Caryota L.

From the Greek caryon - nut.

Spineless solitary or clustering palms. Trunks slender to stout, dying after fruiting. Crownshaft absent. Leaves bipinnate. Leaflets wedge-shaped, often paired and fishtail-like, without a midrib, the margins jagged, especially on the slanting margin at the tip. Flowers unisexual with both sexes on the same plant. Panicles produced among the leaves, maturing from the top of the trunk downwards. Fruit globose, dark coloured, 1-2 seeded.

A very popular genus in cultivation. The fruiting trunk in all species dies after the lowermost inflorescence has mature fruit. One native species found on Cape York Peninsula, C. albertii F. Muell., is too cold-sensitive to be grown in southern Australia. The fruit of all species contain irritant caustic calcium oxalate crystals in the flesh.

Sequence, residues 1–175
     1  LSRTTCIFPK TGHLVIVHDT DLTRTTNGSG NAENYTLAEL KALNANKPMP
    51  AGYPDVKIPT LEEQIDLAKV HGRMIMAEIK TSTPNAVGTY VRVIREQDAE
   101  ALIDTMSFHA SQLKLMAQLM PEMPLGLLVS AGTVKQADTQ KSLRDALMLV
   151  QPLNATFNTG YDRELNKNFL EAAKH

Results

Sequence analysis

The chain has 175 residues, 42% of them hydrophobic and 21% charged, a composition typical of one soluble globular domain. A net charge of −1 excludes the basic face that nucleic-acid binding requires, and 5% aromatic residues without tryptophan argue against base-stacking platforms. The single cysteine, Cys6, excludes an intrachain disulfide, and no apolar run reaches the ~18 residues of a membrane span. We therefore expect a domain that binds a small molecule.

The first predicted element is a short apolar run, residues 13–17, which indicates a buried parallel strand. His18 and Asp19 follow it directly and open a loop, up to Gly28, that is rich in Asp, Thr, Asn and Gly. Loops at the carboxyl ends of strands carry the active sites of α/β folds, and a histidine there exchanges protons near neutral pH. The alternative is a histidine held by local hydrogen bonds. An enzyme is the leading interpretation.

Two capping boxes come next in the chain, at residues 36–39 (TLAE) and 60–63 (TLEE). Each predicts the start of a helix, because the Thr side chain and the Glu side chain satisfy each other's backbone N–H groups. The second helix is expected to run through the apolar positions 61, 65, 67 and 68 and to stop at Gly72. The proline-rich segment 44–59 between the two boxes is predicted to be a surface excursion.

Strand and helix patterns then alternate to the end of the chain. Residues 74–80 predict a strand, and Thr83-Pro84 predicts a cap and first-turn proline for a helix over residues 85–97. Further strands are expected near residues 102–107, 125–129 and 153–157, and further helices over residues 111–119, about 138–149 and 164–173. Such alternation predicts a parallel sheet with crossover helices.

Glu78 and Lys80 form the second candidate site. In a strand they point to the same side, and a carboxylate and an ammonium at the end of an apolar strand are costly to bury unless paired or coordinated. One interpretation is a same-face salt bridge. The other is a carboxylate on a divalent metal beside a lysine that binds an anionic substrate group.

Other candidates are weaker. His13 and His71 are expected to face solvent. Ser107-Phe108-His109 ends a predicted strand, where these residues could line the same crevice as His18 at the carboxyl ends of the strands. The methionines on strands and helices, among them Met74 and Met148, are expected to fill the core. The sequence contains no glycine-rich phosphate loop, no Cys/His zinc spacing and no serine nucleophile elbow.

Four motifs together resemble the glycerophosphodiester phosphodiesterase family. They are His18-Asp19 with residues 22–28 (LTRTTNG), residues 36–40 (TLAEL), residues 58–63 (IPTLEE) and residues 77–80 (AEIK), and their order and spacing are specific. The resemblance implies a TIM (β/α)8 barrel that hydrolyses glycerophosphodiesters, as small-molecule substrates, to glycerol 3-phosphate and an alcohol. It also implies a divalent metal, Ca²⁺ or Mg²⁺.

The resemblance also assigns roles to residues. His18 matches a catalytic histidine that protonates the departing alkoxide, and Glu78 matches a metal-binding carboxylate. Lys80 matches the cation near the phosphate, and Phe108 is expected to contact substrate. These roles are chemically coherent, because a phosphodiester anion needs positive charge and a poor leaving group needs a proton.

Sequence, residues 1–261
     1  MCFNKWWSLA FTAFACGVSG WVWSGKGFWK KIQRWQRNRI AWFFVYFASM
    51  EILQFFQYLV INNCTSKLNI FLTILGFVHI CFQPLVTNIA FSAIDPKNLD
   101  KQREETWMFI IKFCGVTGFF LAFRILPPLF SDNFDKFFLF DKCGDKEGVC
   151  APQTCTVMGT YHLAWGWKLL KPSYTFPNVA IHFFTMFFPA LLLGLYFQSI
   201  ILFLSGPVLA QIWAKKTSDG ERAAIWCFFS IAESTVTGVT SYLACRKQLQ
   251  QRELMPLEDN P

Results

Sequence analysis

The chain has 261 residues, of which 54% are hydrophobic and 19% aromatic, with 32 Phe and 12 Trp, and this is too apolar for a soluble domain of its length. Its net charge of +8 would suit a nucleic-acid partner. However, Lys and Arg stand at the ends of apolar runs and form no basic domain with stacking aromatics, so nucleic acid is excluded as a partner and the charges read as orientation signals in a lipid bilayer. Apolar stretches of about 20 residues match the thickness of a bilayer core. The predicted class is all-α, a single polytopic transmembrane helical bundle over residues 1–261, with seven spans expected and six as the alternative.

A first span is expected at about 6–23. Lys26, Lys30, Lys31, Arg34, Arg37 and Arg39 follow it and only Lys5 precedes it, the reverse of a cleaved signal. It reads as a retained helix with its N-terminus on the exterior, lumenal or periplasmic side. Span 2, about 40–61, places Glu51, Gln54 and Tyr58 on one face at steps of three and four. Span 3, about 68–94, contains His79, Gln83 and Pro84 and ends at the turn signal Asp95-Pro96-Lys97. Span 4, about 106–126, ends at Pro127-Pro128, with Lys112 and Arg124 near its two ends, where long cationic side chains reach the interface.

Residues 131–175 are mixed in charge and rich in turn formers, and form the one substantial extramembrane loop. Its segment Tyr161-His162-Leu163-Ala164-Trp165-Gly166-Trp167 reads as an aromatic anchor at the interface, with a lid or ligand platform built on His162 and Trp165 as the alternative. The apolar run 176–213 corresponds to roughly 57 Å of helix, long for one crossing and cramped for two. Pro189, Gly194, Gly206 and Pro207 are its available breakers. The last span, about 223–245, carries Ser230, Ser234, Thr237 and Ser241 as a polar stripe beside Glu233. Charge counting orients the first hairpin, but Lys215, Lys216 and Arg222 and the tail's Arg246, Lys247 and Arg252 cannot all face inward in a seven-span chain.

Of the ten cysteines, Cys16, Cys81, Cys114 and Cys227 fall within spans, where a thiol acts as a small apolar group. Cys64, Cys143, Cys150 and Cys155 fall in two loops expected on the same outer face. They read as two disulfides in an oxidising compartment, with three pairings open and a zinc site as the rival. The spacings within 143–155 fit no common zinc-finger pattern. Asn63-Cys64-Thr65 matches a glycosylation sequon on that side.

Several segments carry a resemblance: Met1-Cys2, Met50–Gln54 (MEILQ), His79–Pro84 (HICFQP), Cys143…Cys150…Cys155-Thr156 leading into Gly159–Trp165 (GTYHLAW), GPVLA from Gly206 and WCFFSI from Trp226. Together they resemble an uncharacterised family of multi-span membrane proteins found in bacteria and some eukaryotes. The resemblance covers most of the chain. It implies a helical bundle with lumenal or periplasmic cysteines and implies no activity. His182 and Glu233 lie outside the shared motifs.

Seeds germinate over 3-12 months.

Many species are cultivated in the tropics for their ornamental features and economic qualities which include edible palm heart, sago and timber from the stems, fibres and sap from cut inflorescences being converted into palm wine or sugar.

Easily recognised by the bipinnate leaves with wedge-shaped or fan-shaped leaflets; trunks dying down after flowering

13 species distributed in India, Sri Lanka, southern China, South-east Asia, the Philippines, Solomon Islands, New Guinea and Australia.

Uhl & Dransfield (1987).

Source: Jones, D; Spencer, R. (2005). Arecaceae. In: Spencer, R.. Horticultural Flora of South-eastern Australia. Volume 5. Flowering plants. Monocotyledons. The identification of garden and cultivated plants. University of New South Wales Press.

kingdom Plantae
phylum   Tracheophyta
class    Magnoliopsida
superorder     Lilianae
order      Arecales
family       Arecaceae
Higher taxa
Subordinate taxa
species         Caryota mitis Lour.
species         Caryota urens L.